There's no doubt Allen is the No. 1 receiver for the San Diego Chargers. Philip Rivers targeted him often in the red zone. Allen scored five touchdowns in the final three games, including a pair of two-touchdown games. He finished with over 1,000 yards and the 16th-best fantasy wide receiver.

Allen is a clear-cut No. 2 fantasy wide receiver. He could go as early as the fourth round, but the fifth or sixth is a little more reasonable.

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3. Zac Stacy

Zac Stacy
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The St. Louis Rams began the season with Daryl Richardson as their running back. He and Isaiah Pead didn't last long and Zac Stacy took his spot in the starting lineup. In his first two games, Stacy rushed 32 times for 157 yards. His big breakout game came in Week 9 where he had 127 yards and two touchdowns, but he was already owned in most leagues at this point.

Despite not scoring a single point in the first four weeks, Stacy finished 2013 with 973 rushing yards, seven touchdowns and 15th among running backs. His 26 receptions for 141 yards helped the Rams find a rhythm in the passing game as well.

The Rams would be mistaken to draft a running back in the first round as Stacy looks to be an every-down running back. For me, Stacy is a borderline No. 1 back. He will be taken in the middle of the second round.

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2. Andre Ellington

Andre Ellington
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Rashard Mendenhall was the No. 1 back for the Arizona Cardinals. However, Andre Ellington made himself known and proved he has more upside in the future. Ellington surpassed 1,000 offensive yards (652 rushing and 371 receiving). Although he only finished with four total touchdowns, Ellington lead all running backs with 5.5 yards per carry.

Ellington's value will increase during the offseason as Mendenhall is a free-agent-to-be. The Cardinals kept Ellington on a snap count because of previous injuries. Entering Week 17, he only took 37 percent of the snaps. If the Cardinals decide to let him go, Ellington could enter 2014 as the No. 1 back with Stepfan Taylor as the change-of-pace back.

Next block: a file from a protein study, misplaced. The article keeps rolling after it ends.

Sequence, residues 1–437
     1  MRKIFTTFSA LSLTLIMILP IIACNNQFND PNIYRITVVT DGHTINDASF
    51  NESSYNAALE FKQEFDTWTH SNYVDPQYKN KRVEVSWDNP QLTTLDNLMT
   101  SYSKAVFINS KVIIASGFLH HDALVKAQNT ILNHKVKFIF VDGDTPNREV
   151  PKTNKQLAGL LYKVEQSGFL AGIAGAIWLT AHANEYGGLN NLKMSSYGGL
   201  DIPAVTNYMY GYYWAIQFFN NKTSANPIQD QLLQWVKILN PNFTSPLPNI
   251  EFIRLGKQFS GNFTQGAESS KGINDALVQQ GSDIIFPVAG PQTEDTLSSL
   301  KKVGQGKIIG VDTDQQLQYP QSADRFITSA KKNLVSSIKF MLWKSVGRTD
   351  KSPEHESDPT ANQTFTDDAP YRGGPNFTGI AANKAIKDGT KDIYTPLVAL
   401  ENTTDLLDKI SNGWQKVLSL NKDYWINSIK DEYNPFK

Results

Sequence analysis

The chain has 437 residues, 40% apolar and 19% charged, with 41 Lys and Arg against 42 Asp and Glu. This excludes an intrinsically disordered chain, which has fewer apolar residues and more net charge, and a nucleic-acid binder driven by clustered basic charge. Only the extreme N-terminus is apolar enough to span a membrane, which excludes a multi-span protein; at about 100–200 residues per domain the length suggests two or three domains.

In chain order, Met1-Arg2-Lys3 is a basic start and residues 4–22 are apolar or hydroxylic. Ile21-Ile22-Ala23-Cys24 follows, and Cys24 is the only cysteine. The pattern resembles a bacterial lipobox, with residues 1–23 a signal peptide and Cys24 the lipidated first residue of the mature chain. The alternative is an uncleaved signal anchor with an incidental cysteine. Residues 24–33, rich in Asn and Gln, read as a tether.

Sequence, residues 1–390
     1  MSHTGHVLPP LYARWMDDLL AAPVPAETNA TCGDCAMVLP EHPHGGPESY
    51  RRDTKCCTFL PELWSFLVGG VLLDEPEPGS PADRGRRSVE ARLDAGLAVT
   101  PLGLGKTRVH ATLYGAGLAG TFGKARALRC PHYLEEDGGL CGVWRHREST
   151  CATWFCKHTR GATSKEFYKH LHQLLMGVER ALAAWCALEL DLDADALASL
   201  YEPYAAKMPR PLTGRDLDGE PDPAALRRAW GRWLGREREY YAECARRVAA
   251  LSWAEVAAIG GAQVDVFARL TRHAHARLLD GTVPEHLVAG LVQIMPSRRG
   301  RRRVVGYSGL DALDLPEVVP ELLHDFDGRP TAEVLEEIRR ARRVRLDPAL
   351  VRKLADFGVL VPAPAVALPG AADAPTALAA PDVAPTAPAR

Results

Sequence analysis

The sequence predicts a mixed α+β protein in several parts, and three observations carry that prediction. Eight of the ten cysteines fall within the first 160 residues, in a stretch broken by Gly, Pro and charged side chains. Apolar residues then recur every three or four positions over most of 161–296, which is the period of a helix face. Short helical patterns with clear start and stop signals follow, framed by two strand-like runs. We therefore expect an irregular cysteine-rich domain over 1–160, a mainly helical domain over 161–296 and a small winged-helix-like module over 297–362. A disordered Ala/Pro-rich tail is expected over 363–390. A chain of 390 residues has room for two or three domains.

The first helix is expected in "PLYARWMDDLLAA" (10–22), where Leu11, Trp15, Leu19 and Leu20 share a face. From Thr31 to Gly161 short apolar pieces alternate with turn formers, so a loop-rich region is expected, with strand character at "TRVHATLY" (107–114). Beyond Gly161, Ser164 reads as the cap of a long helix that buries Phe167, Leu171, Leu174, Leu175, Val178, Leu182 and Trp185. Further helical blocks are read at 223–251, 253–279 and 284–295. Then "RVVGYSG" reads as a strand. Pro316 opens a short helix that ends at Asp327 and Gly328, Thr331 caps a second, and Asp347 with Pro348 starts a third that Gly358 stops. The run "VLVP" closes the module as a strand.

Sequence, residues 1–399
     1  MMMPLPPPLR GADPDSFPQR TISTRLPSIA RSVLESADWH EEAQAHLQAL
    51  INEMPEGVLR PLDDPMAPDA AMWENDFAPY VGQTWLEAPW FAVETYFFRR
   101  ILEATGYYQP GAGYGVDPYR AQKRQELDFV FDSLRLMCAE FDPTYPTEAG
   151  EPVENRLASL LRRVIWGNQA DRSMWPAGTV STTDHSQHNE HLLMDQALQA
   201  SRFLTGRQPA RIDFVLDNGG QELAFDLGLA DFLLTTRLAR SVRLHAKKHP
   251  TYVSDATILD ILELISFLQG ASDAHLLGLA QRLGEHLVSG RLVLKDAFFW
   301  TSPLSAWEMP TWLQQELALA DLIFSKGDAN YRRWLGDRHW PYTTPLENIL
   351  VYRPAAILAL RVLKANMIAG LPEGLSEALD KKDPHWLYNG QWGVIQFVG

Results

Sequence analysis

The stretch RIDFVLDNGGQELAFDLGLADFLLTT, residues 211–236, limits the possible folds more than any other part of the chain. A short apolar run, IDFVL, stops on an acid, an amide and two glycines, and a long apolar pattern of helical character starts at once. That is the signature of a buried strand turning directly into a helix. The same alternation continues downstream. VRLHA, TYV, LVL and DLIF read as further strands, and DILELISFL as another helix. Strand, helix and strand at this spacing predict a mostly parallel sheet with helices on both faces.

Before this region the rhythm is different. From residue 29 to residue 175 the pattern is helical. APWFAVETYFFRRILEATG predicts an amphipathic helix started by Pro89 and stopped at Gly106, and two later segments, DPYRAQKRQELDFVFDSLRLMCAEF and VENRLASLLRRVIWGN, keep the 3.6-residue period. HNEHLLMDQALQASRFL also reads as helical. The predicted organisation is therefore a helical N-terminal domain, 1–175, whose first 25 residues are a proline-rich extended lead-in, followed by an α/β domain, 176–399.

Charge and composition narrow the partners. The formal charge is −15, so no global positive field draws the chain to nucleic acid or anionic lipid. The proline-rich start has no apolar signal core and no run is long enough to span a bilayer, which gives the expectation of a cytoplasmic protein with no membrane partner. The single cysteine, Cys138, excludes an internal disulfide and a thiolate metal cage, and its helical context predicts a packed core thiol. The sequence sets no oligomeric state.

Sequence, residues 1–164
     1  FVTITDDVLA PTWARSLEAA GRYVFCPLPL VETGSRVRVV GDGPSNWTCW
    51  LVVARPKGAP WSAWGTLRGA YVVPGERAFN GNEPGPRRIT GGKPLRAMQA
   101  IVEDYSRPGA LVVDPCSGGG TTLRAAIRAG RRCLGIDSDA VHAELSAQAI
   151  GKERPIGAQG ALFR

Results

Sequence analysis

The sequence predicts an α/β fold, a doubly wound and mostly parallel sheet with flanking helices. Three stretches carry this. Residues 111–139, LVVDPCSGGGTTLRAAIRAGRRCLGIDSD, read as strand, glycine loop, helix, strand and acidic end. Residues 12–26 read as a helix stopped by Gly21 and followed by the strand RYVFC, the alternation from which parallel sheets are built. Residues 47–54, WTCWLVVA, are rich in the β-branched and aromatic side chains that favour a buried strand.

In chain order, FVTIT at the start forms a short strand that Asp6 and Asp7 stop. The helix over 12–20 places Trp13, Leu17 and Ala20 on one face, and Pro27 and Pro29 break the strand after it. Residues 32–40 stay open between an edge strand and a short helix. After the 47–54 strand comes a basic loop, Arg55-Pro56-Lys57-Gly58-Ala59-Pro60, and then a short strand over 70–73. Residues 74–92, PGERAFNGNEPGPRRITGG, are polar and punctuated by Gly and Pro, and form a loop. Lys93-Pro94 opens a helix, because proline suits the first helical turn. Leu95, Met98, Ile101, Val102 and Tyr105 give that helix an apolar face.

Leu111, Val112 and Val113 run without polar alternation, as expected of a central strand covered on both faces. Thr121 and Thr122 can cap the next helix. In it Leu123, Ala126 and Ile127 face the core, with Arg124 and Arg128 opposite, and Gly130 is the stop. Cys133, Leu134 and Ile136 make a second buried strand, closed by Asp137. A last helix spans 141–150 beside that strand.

As of right now, Ellington will be best served as an RB3 or flex. If Mendenhall does not re-sign, he becomes a low-end RB2. Draft him in the eighth round for some running back depth.

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1. Charles Clay

Charles Clay
Steve Mitchell-USA TODAY Sports

The tight end position was the hardest to keep up with all season. There were the typical names like Jimmy Graham, Rob Gronkowski (for a few weeks) and Vernon Davis. However, guys like Julius Thomas and Jordan Cameron came out of nowhere.

There was one tight end who made more of an impact for their team — Charles Clay. Once Dustin Keller went down, the Miami Dolphins needed someone to fill his place and Clay did a great job. He ended with 69 catches for 759 yards and six touchdowns and the seventh-most fantasy points for a tight end.

Heading into 2014, the tight end position is a little shallow. Gronk is injured again and Tony Gonzalez is retiring. Clay can be drafted as a legitimate TE1 as a late-round steal.